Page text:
Cleveland Plain Dealer fails to report truth about local gun control laws

Just days before Election Day 2018, the Cleveland Plain Dealer published a series of articles exploring how Ohio's pro-gun legislators (many of whom were up for reelection and would have very little time to respond to the expose) "took away" local government's ability to establish gun control laws, and then implied that a rise in "gun deaths" was the result.

The articles, written by Rich Exner, Peter Krouse and Evan MacDonald, were all written from the perspective of lamenting the prohibition of local gun control laws.

Since they had placed so much time and effort into speculating on the subject, I thought the three reporters might find it helpful to be reminded of what we already know about how local gun control laws were used in Ohio, back when they were legal. So I sent them the following:

Peter, Evan and Rich -

Now that you have documented (lamented?) the loss of local municipalities ability to "experiment" with gun control, I encourage you to do an article exploring what cities did with their ability to experiment when it was legal and how effective it was. It's not like we don't have a wealth of evidence that these types of laws are ineffective.

It shouldn't be too hard - we did the work on this eleven years ago because the Plain Dealer wouldn't.

The truth about Cleveland’s “Assault Weapon Ban” - Part I

The truth about Cleveland’s “Assault Weapon Ban” - Part II

This article from 2005 after Columbus passed a so-called "assault weapons" ban provides a good legal explanation about why local gun control (misdemeanors) are never used when it's time to bring charges:

Way back in 2002 the Toledo Blade reported that that city's ban on so-called "Saturday Night Specials" was anything BUT "worthwhile and effective." The Blade found that in the three years since Toledo City Council banned the sale and possession of cheap and easily concealed handguns, only eight people were charged - and only two convicted. All but one of those charges were filed in 2000.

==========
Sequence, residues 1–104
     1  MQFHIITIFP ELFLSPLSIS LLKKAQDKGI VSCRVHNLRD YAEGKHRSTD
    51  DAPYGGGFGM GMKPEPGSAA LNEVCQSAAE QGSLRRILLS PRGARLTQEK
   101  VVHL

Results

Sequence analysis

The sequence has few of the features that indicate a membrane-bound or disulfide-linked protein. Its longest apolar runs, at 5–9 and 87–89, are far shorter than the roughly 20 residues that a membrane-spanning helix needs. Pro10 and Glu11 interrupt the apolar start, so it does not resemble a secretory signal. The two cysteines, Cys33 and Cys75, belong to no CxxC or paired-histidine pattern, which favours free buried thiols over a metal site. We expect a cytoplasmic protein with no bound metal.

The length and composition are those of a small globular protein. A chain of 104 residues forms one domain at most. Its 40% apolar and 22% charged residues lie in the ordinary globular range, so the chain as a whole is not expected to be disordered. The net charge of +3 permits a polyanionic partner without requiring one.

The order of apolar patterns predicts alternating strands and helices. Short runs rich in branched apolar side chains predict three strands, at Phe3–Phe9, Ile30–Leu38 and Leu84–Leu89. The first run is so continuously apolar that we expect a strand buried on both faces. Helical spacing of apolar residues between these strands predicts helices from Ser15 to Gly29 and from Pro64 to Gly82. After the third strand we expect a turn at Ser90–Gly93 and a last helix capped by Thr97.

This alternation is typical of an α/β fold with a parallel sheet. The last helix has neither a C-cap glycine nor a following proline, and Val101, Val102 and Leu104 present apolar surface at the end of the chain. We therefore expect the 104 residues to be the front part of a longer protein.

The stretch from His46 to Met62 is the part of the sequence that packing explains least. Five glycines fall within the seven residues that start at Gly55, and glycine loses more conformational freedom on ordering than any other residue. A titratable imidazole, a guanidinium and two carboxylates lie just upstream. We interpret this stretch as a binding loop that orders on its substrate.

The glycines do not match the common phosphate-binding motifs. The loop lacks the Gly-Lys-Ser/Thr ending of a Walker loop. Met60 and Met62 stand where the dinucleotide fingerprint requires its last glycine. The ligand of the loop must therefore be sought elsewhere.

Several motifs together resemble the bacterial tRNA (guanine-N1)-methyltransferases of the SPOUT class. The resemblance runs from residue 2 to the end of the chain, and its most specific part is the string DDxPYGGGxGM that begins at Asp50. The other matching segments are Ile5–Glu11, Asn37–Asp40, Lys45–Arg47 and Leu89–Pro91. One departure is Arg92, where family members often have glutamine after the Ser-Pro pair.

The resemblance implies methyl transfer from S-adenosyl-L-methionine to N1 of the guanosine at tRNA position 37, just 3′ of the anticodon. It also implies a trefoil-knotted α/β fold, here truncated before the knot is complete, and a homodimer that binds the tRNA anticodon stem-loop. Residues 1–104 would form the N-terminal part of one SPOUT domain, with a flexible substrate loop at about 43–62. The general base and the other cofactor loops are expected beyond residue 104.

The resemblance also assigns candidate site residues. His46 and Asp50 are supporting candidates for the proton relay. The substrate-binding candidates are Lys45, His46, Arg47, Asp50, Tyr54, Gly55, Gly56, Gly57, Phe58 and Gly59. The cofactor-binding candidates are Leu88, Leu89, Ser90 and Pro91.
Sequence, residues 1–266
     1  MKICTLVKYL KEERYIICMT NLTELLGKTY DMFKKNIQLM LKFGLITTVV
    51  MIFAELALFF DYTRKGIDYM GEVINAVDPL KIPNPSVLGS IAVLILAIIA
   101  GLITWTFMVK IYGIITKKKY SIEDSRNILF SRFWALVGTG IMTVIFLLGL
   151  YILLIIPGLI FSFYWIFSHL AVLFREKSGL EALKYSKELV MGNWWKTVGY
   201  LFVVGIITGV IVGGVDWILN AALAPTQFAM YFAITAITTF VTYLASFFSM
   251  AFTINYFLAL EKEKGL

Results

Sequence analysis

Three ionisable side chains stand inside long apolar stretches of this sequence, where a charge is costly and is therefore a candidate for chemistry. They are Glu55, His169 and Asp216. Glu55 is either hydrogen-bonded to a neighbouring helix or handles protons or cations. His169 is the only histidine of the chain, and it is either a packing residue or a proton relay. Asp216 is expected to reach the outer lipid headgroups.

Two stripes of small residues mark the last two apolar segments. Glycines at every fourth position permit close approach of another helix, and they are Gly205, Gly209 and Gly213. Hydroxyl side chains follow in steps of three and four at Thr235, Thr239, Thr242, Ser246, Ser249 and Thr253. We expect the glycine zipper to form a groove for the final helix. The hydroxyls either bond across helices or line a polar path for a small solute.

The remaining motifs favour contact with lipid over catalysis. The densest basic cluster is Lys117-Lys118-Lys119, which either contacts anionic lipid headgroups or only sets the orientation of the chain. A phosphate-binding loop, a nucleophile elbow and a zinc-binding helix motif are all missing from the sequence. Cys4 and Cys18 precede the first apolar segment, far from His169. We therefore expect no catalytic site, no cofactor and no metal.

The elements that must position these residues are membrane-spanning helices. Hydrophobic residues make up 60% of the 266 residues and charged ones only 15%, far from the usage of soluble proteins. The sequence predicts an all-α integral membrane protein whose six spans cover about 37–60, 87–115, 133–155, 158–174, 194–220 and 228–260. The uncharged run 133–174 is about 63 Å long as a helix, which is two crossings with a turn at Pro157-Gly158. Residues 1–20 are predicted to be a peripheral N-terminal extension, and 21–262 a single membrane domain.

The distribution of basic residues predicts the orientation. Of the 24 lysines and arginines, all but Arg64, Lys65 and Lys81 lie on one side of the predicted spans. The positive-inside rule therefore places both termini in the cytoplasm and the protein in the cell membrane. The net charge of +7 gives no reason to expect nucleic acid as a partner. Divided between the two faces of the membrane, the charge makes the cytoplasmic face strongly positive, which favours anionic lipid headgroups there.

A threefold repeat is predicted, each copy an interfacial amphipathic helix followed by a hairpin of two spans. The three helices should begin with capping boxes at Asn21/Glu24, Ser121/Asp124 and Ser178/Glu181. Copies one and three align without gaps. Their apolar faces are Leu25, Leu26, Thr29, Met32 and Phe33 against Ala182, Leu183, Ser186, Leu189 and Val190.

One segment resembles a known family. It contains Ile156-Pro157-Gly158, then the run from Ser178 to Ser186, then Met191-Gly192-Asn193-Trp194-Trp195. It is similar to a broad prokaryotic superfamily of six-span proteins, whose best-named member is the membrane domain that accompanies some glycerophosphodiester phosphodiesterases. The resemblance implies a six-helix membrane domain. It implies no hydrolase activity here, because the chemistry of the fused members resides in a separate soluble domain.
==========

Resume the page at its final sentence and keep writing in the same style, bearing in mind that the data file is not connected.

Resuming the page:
Again, if you are going to give voice to local politicians' claims that they are being handcuffed by statewide preemption, you should also report on what they actually did before the "handcuffs" were put on. The answer is, virtually nothing. And that is exactly what Ohioans could expect if Ohio's preemption law was somehow overturned.

I'll look forward to your reply.

Of course, as you might have guessed, it's been just over a month and there has been no reply. Perhaps these reporters need to hear from other readers who would like for the Plain Dealer to report on "the rest of the story."

If you feel inclined, please feel free to email them at:

Rich Exner - [email protected]
Peter Krouse - [email protected]
Evan MacDonald - [email protected]

Their boss is Editor George Rodrique - [email protected]

Chad D. Baus is the Buckeye Firearms Association Secretary and an NRA-certified firearms instructor. He is co-founder of BFA-PAC, and served as its Vice Chairman for 15 years. He is the editor of, which received the Outdoor Writers of Ohio 2013 Supporting Member Award for Best Website.

Related Article:

Cleveland Plain Dealer admits anti-gun editorial error; Has refused to correct past mistakes

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